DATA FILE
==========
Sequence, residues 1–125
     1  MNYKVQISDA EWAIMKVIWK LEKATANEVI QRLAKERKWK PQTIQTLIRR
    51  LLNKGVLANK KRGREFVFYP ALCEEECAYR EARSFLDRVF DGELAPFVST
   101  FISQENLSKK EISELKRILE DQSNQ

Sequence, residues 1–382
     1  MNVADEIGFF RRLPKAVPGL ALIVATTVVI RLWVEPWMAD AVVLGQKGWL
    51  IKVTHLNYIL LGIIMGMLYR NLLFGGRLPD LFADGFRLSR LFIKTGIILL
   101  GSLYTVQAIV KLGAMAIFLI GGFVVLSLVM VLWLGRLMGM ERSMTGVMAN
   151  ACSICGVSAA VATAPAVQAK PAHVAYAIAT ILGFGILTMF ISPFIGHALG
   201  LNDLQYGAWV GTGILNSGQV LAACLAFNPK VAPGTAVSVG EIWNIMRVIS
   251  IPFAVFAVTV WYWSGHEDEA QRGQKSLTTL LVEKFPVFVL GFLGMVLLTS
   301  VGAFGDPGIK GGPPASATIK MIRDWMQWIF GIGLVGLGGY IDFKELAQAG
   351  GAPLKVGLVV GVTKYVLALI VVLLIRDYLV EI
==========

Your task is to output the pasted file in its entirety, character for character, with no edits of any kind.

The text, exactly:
Sequence, residues 1–125
     1  MNYKVQISDA EWAIMKVIWK LEKATANEVI QRLAKERKWK PQTIQTLIRR
    51  LLNKGVLANK KRGREFVFYP ALCEEECAYR EARSFLDRVF DGELAPFVST
   101  FISQENLSKK EISELKRILE DQSNQ

Sequence, residues 1–382
     1  MNVADEIGFF RRLPKAVPGL ALIVATTVVI RLWVEPWMAD AVVLGQKGWL
    51  IKVTHLNYIL LGIIMGMLYR NLLFGGRLPD LFADGFRLSR LFIKTGIILL
   101  GSLYTVQAIV KLGAMAIFLI GGFVVLSLVM VLWLGRLMGM ERSMTGVMAN
   151  ACSICGVSAA VATAPAVQAK PAHVAYAIAT ILGFGILTMF ISPFIGHALG
   201  LNDLQYGAWV GTGILNSGQV LAACLAFNPK VAPGTAVSVG EIWNIMRVIS
   251  IPFAVFAVTV WYWSGHEDEA QRGQKSLTTL LVEKFPVFVL GFLGMVLLTS
   301  VGAFGDPGIK GGPPASATIK MIRDWMQWIF GIGLVGLGGY IDFKELAQAG
   351  GAPLKVGLVV GVTKYVLALI VVLLIRDYLV EI